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Clinton distances herself from the GOP on immigration

May 6, 2015, 12:16 PM UTC
Annual Women's Empowerment Principles meeting in New York
NEW YORK, UNITED STATES - MARCH 10: Former United States Secretary of State Hillary Clinton speaks during meeting of Annual Women's Empowerment Principles, entitled Unlimited Potential: Business Partners for Gender Equality at UN Headquarters in New York, United States, on March 10, 2015. (Photo by Cem Ozdel/Anadolu Agency/Getty Images)
Photograph by Cem Ozdel — Anadolu Agency/Getty Images

Hillary Clinton drew a sharp distinction Tuesday between herself and the 2016 Republican hopefuls on immigration reform, and called for a full path to citizenship for people who came to the U.S. illegally.

“Today, not a single Republican candidate, announced or potential is clearly consistent in supporting a path to citizenship,” the former Secretary of State said in prepared remarks before a round table at a high school in Nevada. “When they talk about ‘legal status,’ that is code for second-class status.”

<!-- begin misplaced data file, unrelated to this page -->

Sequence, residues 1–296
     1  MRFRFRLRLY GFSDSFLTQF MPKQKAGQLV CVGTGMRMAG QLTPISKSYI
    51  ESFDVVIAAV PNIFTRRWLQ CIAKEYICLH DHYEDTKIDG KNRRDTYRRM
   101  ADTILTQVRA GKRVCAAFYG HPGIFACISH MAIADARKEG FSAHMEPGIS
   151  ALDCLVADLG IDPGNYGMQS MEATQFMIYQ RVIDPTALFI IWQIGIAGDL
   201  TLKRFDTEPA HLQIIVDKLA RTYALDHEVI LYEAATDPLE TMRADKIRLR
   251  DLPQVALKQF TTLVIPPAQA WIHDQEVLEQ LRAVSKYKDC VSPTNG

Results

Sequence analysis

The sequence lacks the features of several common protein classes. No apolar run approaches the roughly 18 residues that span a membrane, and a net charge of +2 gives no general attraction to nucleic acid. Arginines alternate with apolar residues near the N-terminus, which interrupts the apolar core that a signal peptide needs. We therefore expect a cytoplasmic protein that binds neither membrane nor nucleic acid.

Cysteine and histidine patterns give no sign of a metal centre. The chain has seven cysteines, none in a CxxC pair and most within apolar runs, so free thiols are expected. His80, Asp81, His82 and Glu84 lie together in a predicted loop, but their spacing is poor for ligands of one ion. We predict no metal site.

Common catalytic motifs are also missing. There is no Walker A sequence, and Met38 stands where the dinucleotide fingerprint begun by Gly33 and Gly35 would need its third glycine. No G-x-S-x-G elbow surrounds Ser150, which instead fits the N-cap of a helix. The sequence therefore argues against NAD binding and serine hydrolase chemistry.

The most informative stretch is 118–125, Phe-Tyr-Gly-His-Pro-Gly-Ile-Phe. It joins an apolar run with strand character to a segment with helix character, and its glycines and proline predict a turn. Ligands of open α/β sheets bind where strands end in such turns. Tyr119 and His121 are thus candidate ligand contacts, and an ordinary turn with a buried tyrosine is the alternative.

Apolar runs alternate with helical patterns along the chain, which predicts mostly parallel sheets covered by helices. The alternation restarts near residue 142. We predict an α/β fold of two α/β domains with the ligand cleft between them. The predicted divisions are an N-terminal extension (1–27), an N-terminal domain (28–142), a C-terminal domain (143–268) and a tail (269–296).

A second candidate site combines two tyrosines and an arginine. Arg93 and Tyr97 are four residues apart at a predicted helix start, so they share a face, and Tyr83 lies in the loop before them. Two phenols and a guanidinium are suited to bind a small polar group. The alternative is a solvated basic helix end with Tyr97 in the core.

Calling immigration a family and an economic issue, Clinton said she supported expanding programs for so-called Dreamers to help parents of immigrant children stay in the United States.

Clinton raised eyebrows in June when she said that the unaccompanied minors fleeing violence in Central America should not be allowed to stay in the U.S. “to send a clear message.” Immigration activists expect Clinton to firmly embrace comprehensive immigration reform as a central part of her platform in 2016.

In response to a question from one of the round-table participants, Clinton said she would make immigration reform one of her first initiatives if elected.

“We should put in place a simple, straightforward and accessible way for parents of Dreamers and others with a history of service and contributions to their community to make their case and to be eligible for the same deferred action as their children,” she said.